Memories of Akaron Velsado [Volume 1: Ego Crisis]


I met him when I was a child. My adult minders ushered me onto the palace balcony and I squeezed its black-marble railing with my small hands. The vast Demon Capital, Darigon, and the wide avenue that was its main artery laid far beneath my feet. I recognized him when he strode through the inner gate, the one the peasants feared; whom the burghers cheered and nobles breathlessly awaited. He was eight feet tall, appeared even larger atop the saddle of his black drake, and wore his invincible black-red plate armor, forged in the world’s life-fire. Only his orange eyes were visible through crescent visor of his helm, flashing bright like candle flames. He did not wave to the citizens, but led his procession of black-clad soldiers in silence. Behind him, saddled on their own Nightmares—flaming, black horses bred with devilkin—were the four Demon Lords: Men and women who stood at the pinnacle of power, they embodied the absolute supremacy of the Demon Empire.

            The crying throngs raised up their hands, desperate for a touch of his drake’s scales. The imperial guards, identified by the red tassels on their helmets, kept them at bay with their lances. He had finally returned from his conquest. The entire world had come to rest in the grasp of his talon gauntlets. I knew, even as a boy, that men uncountable had died at his hands, but how would I quantify one-hundred, one-thousand, or one-million? I had just three minders at my side, and if even one were killed, I couldn’t imagine the sorrow I’d feel.

Later that evening I stood in the amphitheater of the throne room and awaited his call. I would let the orange eyes of the Demon Emperor, visible through visor of his black helm, fall coldly on my face. And he would say the words I’d awaited:

            “This boy is my heir.” His stoic voice resonated in the walls, shook the foundations of the palace, and therefore, the world. “I give him his new name: Akaron Velsado.”

            I wondered if Velsado was the emperor’s surname, but I came to think he invented the name. An akaron was a type of long sword with a honed point, and the velsado was the traditional word for a theater’s curtain call. It was a romantic way to call me Sword Finale, or the Sword of the Finale. As a boy, I didn’t understand the allusion, but I knew for certain that the man called emperor, the demon of humankind, would do nothing for my sake. He may as well have called me a device before the world.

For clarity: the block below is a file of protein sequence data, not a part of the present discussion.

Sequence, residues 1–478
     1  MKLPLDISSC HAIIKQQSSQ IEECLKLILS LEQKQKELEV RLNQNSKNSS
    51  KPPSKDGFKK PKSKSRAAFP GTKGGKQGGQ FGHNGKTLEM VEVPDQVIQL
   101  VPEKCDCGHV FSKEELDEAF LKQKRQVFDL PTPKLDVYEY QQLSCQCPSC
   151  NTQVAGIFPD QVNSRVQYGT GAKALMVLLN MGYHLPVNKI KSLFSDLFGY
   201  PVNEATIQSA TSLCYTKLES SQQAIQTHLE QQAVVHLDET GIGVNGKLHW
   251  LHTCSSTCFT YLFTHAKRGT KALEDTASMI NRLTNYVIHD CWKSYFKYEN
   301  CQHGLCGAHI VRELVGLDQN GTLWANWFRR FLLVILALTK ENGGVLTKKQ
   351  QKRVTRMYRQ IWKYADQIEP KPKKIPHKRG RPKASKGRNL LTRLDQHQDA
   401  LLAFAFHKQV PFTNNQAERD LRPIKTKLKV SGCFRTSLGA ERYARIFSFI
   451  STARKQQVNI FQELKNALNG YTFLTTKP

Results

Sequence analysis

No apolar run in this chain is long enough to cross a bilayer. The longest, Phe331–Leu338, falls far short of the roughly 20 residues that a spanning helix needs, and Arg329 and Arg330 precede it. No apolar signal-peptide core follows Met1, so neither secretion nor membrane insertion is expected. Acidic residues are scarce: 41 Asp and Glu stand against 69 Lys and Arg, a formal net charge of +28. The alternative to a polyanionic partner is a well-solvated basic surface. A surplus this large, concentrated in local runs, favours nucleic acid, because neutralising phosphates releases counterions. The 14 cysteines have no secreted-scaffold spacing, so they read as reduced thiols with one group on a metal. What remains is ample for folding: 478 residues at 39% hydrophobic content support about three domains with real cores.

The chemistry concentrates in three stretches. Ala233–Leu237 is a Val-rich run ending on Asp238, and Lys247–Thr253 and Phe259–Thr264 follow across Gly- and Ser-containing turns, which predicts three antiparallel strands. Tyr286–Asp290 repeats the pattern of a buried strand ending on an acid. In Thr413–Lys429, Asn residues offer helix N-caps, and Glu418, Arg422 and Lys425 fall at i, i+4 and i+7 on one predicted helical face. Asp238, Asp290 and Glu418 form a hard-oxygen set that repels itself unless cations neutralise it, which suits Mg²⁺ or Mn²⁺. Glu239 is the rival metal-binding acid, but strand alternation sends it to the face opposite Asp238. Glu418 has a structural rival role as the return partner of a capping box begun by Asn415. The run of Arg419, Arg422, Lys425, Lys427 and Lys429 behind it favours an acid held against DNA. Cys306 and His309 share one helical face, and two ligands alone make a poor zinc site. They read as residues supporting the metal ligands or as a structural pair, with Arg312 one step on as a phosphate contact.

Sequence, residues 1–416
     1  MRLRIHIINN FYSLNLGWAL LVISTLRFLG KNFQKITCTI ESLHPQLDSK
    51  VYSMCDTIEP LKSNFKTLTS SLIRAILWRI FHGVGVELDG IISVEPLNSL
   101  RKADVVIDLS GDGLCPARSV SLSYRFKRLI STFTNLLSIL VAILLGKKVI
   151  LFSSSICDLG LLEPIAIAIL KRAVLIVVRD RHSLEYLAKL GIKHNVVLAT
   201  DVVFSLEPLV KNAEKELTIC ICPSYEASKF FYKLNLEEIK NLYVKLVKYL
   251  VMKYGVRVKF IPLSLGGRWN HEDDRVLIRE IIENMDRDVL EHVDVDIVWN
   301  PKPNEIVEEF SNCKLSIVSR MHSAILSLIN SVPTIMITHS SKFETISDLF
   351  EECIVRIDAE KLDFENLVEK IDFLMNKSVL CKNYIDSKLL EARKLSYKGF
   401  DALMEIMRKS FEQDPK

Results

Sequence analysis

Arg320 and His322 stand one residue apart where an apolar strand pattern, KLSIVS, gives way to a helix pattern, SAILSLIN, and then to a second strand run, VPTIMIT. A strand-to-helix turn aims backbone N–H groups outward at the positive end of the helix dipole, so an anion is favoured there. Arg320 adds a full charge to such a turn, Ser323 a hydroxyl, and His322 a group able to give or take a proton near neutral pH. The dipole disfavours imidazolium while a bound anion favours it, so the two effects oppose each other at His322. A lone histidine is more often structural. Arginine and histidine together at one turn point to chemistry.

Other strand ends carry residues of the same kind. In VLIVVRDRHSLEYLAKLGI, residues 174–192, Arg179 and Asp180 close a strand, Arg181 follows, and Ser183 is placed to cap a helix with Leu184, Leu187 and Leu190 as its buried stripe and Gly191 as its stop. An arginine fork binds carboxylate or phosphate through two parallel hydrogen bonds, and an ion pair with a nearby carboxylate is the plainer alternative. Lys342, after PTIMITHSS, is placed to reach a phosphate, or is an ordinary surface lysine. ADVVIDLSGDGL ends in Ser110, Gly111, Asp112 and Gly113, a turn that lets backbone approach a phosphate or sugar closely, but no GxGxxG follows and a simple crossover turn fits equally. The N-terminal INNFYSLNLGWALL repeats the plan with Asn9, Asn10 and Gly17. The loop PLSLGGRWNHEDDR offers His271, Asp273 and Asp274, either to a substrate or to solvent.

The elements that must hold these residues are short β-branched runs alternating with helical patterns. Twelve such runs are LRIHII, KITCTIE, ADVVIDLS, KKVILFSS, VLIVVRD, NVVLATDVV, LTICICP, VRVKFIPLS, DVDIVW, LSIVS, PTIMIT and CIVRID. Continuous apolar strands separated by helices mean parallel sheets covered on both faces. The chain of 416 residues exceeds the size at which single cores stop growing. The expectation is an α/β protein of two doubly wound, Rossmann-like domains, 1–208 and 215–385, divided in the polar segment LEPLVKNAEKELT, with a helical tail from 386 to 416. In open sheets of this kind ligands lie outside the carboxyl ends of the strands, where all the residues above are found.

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            I knew that, because I could quantify, even in my small mind, exactly how meaningless I was. The answer to my question of one million, or ten million, or one hundred million deaths was realized the day I first saw him on the balcony, as he led his procession of demon warriors. It seemed no one could tell that darkness had fallen on the horizon. All the orange-cream colors of the horizon were made bleak by shadow and even the sun dimmed under a veil. The celebrating crowds couldn’t see the emperor’s pitiless black aura: a shadow darkened by the enormity of his mana. When he passed through the gate, the demon emperor released the full measure of that magic, and revealed a vastness that eclipsed the sky, one that I—only I—could understand. From far away he turned his eyes up to the balcony, and with my Eyes of the Sorcerer, I saw him for what he was.

            The Demon Emperor sat on a gold-leafed throne, but beneath its glimmer were bones. The emperor, his palace, and the empire itself sat on the bones of a billion lives. His dark soul howled with fathomless power torn from lifeless husks of men he’d destroyed. In his presence I felt them as invisible hands that tugged at my body.

            The moment I was given my name, the nobles of the demon court erupted in applause. They expected me to turn and bow, but before I greeted the citizens of my eternal, my invincible, my ineffable Demon Empire, I exchanged words with the emperor himself. It was through our eyes, messages communicated by the power of my Eyes of the Sorcerer and his Eyes of the Emperor. I was just eight years old, but I knew why an orphan from the far-flung frontier was brought to the capital. I knew how small I was. I knew how meaningless I was, however…

            “I will kill you.”

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            The emperor stared. His aura, concentrated into black fire, crawled up across his armor.

            “I’ll be waiting.”

            Those words, exchanged soundlessly through the power of our eyes, were the only words we shared as ‘father and son.’ For fifteen more years I trained, learned, and enhanced my body with all the powers of the world. As one of the few sorcerers alive, my magic was all that could challenge the Demon Emperor. That was what the white-haired man said, and with my eyes I understood the truth.

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